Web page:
Masking the problem of an identity disorder by focusing on the consequence of dysphoria gravely undermines the possibility of authentic healing for vulnerable persons experiencing gender confusion. It reflects a fundamental misunderstanding of what it means to be a human person, who is a unity of body and soul. Maleness or femaleness is found in the unified, embodied person. There is no “inner self” that can be a distinct source of personal identity over and against bodily sex; rather, the convictions or desires of the mind might be at odds with the person’s embodied sexual identity. In fact, the DSM-5 lists six criteria that can be invoked for a gender dysphoria diagnosis, five of which reference a “desire” or “conviction.”

Focusing on the dysphoria while attempting to deny the disorder demands reinforcing the disorder and mutilating the body to meet an imagined version of the “self” at odds with the person’s body-soul reality.

National Catholic Bioethics Center remarks on planning revisions to the USCCB’s Ethical and Religious Directives, including “gender affirmation and the ERDs”, following the Twenty-Eighth Workshop for Bishops (2022):

It was a real joy and privilege for the NCBC to work for several days with so many engaged bishops. They took significant time out of their busy schedules to focus on the theme of “Renewing Ecclesial Guidance: The ERDs in the Twenty-First Century.” The latest approved modifications to the ERDs were issued in 2018, but the last major update came in 1995. With the rapid development of health care technology and emerging cultural challenges, a living document like the ERDs benefits from frequent updating.

We were very blessed to have Knights of Columbus Supreme Knight Patrick Kelly, Esq., address the always important topic of religious liberty and Catholic health care. It was particularly timely due to the indications from the Biden administration of their intent in the near future to make federal regulations that would violate conscience and religious liberty rights regarding abortion and many other issues, including transgender policies and interventions.

Other major topics addressed included the history of the various revisions of the ERDs, opportunities for renewed ecclesial guidance for medicine in our very secular world, gender affirmation and the ERDs, and ethical integrity vs. referral for unethical actions. Bishop Ricken of Green Bay spoke on the significance of clinics for witness in Catholic health care – a topic that has not received enough attention in the past.

Remarks of Archbishop Christophe Pierre, papal nuncio (Vatican diplomatic representative) to the United States, at the National Catholic Bioethics Center’s Twenty-Sixth Workshop for Bishops (7 February 2017):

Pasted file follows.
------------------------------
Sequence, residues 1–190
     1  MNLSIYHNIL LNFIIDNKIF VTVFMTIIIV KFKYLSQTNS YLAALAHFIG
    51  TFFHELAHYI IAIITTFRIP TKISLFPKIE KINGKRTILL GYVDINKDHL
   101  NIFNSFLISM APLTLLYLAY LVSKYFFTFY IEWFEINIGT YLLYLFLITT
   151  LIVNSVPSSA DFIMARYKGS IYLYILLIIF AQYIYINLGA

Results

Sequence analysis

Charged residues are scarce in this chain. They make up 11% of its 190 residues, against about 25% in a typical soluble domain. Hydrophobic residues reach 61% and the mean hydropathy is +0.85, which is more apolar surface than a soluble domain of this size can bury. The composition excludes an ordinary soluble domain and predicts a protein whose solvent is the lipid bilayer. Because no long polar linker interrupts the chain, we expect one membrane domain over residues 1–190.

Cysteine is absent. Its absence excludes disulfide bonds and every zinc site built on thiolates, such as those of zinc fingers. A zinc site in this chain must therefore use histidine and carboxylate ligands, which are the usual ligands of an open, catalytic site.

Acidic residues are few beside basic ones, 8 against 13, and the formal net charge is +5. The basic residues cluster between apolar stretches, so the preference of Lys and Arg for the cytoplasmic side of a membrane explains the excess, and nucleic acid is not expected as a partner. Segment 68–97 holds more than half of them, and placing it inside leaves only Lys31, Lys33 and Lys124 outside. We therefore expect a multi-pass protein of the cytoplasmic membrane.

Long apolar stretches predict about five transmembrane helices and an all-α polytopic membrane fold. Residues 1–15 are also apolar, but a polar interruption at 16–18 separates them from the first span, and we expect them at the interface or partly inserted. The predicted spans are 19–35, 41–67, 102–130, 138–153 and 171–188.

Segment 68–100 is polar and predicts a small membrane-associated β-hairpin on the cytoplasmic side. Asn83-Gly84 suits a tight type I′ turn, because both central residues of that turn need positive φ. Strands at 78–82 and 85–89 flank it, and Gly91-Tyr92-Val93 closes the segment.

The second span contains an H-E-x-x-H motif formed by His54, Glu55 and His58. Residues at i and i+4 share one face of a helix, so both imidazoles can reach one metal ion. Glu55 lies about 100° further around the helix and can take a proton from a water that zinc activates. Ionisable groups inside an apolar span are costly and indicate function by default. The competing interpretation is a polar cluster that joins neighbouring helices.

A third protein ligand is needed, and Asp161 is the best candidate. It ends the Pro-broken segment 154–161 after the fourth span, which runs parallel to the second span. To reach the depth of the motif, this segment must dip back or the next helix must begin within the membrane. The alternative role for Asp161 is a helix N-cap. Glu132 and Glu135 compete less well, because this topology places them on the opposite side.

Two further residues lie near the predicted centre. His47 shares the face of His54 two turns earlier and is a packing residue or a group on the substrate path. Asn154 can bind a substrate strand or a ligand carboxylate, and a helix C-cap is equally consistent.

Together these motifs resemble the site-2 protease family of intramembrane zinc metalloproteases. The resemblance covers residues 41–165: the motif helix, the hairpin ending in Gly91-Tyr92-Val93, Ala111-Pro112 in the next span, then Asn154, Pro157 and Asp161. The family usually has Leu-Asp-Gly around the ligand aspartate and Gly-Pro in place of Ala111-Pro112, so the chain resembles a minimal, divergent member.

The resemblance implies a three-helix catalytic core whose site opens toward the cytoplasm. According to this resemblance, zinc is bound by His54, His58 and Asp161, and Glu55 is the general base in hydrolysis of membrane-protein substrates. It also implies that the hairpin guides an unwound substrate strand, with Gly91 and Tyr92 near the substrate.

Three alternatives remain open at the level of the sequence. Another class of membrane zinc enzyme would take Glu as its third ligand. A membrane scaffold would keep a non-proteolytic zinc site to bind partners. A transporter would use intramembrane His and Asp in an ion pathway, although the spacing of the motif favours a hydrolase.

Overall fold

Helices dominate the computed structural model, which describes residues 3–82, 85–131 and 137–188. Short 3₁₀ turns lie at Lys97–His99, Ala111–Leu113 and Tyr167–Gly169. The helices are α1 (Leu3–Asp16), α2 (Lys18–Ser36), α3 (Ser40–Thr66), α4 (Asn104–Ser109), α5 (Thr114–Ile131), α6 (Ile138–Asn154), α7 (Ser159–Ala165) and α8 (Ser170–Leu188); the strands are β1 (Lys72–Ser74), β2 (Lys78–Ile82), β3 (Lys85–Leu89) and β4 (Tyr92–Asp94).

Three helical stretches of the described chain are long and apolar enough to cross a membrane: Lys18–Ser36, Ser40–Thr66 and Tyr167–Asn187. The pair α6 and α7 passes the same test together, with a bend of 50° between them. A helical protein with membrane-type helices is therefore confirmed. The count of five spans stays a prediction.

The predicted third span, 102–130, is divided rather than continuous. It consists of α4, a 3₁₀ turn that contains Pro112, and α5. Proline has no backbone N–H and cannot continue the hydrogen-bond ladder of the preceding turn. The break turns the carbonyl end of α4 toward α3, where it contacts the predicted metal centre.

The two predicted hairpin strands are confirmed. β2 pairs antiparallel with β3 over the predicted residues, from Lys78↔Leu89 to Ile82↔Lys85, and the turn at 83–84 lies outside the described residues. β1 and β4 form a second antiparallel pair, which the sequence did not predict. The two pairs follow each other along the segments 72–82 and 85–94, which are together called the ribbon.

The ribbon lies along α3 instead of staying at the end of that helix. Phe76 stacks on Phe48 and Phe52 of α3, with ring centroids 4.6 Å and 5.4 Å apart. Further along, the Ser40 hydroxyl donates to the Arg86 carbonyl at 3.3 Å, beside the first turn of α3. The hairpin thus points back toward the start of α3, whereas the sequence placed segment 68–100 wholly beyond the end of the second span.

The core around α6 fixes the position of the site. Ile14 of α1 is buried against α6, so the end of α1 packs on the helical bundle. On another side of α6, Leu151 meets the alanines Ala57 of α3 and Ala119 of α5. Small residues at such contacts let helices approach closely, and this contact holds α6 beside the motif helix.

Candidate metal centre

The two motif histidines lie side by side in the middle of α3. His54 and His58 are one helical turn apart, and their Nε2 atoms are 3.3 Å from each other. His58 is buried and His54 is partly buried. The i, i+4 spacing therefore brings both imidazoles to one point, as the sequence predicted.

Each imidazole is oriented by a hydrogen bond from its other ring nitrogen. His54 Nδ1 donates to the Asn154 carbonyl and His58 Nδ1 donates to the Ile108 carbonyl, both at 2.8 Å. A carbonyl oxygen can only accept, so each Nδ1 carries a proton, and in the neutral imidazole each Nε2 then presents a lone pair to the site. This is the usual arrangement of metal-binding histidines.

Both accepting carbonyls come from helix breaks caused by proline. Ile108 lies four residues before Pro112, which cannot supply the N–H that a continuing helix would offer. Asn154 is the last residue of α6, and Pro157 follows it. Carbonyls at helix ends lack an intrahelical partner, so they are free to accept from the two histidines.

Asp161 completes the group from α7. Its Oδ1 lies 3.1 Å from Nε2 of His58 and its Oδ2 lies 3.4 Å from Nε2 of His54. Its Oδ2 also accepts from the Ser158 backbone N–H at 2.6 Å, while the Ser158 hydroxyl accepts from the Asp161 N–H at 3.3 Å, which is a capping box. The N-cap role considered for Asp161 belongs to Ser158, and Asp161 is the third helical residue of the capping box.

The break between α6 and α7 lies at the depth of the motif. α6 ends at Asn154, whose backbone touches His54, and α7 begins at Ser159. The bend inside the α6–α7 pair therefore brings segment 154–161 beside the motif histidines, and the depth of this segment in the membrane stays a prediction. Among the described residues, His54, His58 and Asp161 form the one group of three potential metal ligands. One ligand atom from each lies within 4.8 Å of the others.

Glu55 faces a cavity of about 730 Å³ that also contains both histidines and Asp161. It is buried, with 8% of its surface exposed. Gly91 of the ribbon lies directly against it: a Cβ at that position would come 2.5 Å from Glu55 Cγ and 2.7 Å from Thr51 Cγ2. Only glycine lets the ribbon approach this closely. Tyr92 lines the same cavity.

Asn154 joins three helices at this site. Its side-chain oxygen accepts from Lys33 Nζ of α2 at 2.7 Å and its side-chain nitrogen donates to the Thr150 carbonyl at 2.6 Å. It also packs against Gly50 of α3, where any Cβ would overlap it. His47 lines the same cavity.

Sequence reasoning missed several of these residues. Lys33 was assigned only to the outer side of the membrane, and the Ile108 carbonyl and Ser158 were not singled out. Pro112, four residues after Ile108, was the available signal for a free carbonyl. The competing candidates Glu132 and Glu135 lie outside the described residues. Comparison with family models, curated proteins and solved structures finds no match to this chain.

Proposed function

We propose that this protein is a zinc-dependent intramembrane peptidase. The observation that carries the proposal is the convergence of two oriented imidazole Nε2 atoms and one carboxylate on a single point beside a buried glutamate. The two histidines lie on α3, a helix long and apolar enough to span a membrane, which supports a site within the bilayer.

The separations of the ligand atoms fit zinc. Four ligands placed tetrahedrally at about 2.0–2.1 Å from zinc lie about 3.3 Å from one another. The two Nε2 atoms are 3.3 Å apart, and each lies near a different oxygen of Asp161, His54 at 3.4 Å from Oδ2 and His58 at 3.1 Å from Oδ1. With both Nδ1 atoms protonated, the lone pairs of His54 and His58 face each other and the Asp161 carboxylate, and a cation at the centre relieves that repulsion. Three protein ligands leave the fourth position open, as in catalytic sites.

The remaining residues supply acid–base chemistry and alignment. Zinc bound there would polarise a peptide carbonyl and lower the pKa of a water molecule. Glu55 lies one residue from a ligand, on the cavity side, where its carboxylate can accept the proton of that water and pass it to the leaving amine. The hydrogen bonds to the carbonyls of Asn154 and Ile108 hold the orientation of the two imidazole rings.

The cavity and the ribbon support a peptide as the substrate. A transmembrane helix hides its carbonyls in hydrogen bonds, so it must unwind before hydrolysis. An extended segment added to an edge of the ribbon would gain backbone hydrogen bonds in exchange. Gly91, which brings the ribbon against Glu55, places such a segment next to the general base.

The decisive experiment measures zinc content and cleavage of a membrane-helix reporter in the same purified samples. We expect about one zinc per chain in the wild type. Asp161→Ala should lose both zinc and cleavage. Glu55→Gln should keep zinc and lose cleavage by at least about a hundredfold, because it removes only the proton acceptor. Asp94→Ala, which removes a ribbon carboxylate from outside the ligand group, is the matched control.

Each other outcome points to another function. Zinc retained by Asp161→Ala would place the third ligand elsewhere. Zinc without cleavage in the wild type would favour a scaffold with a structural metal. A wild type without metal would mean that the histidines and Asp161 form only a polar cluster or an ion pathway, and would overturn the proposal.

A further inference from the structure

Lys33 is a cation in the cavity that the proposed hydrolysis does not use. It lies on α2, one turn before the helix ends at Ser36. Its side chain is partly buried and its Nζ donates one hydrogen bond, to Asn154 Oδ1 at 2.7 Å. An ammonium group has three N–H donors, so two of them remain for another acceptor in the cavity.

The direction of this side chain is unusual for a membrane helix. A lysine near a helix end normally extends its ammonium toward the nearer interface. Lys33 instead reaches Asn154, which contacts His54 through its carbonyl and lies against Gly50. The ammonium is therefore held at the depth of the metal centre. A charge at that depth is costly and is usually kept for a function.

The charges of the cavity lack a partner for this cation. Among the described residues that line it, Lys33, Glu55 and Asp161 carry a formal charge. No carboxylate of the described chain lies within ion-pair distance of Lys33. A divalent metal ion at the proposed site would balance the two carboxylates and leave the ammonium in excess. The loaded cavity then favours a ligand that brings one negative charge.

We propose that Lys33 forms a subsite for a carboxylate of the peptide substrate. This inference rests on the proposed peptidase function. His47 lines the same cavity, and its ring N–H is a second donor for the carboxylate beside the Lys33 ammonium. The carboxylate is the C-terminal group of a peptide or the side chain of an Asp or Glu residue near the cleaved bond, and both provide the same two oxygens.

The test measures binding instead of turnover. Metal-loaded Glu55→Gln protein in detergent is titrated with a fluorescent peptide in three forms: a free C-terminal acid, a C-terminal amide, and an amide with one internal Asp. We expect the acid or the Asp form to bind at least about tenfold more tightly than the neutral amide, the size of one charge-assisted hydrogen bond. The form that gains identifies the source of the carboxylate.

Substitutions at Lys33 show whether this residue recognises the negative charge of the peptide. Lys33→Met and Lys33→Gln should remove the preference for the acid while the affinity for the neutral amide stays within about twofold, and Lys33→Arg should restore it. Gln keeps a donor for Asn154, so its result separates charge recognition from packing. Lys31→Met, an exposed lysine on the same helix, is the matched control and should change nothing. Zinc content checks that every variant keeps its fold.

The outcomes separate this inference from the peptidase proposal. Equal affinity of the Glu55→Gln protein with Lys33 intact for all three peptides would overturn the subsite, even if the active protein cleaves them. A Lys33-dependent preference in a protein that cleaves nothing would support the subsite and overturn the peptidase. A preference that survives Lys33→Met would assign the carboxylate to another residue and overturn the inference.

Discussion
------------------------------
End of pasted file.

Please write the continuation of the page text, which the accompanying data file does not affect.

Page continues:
As the Holy Father’s personal representative in the United States, I wish to express his spiritual closeness and prayers during this gathering addressing the theme of “Healing Persons in a Wounded Culture.” … What is happening today with the so-called gender ideology is no different from what Jesus lamented in the Gospel: the attempt to replace God and the Word of God with merely human constructs. It is this that your gathering will explore. It is no easy task to speak in this wounded culture about transgenderism or pornography addiction, yet it would not be pastoral to remain silent about the vision of man and woman proposed by Revelation.

3: Christian Medical & Dental Associations

Brief of the Franciscan Alliance and Christian Medical & Dental Society in Franciscan Alliance et al. v. Becerra et al. (10 June 2022):

CMDA has adopted an ethics statement reflecting its members’ beliefs on gender transitions. ROA.3384, 3392-97. Based on input from medical experts in numerous fields, the statement outlines the risks associated with transition procedures, including inhibition of growth and fertility, cancer, high blood pressure, blood clots, lost bone density, and increased incidence of depression, anxiety, suicidal ideation, and substance abuse. ROA.3384-85, 3393. Given these effects, CMDA determined that “attempts to alter gender surgically or hormonally … are medically inappropriate.” ROA.3386.

Thus, CMDA members routinely treat transgender individuals “for health issues ranging from common colds to cancer.” ROA.3389. But they view participating in transitions as inconsistent with “the obligation of Christian healthcare professionals to care for patients struggling with gender identity with sensitivity and compassion.” ROA.3392.

CMDA Ethics Statement: Transgender Identification (2021):

The naming of gender as a category set apart from sex is an idea foreign to the holistic view of the person as understood within Christianity. Christians affirm the biblical understanding of humankind as having been created male and female, with the two sexes having equal dignity and a complementary relationship to each other. At the heart of disagreement over transgenderism is a difference in worldviews.